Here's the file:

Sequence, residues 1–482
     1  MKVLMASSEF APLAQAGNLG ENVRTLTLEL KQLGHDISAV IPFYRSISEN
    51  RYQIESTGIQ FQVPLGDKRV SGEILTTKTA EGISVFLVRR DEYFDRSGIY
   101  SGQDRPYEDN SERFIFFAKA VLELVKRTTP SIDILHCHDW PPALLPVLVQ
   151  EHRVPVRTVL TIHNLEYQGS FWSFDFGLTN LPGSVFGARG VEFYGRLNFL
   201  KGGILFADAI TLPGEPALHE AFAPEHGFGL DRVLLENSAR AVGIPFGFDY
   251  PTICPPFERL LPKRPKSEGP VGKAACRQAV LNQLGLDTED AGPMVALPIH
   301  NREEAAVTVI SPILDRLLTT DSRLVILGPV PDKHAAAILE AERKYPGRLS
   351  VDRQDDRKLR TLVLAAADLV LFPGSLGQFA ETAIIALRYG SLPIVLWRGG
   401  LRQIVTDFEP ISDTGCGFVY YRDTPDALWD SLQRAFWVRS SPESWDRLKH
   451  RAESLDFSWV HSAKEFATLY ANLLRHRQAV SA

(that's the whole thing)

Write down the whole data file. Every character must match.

Sequence, residues 1–482
     1  MKVLMASSEF APLAQAGNLG ENVRTLTLEL KQLGHDISAV IPFYRSISEN
    51  RYQIESTGIQ FQVPLGDKRV SGEILTTKTA EGISVFLVRR DEYFDRSGIY
   101  SGQDRPYEDN SERFIFFAKA VLELVKRTTP SIDILHCHDW PPALLPVLVQ
   151  EHRVPVRTVL TIHNLEYQGS FWSFDFGLTN LPGSVFGARG VEFYGRLNFL
   201  KGGILFADAI TLPGEPALHE AFAPEHGFGL DRVLLENSAR AVGIPFGFDY
   251  PTICPPFERL LPKRPKSEGP VGKAACRQAV LNQLGLDTED AGPMVALPIH
   301  NREEAAVTVI SPILDRLLTT DSRLVILGPV PDKHAAAILE AERKYPGRLS
   351  VDRQDDRKLR TLVLAAADLV LFPGSLGQFA ETAIIALRYG SLPIVLWRGG
   401  LRQIVTDFEP ISDTGCGFVY YRDTPDALWD SLQRAFWVRS SPESWDRLKH
   451  RAESLDFSWV HSAKEFATLY ANLLRHRQAV SA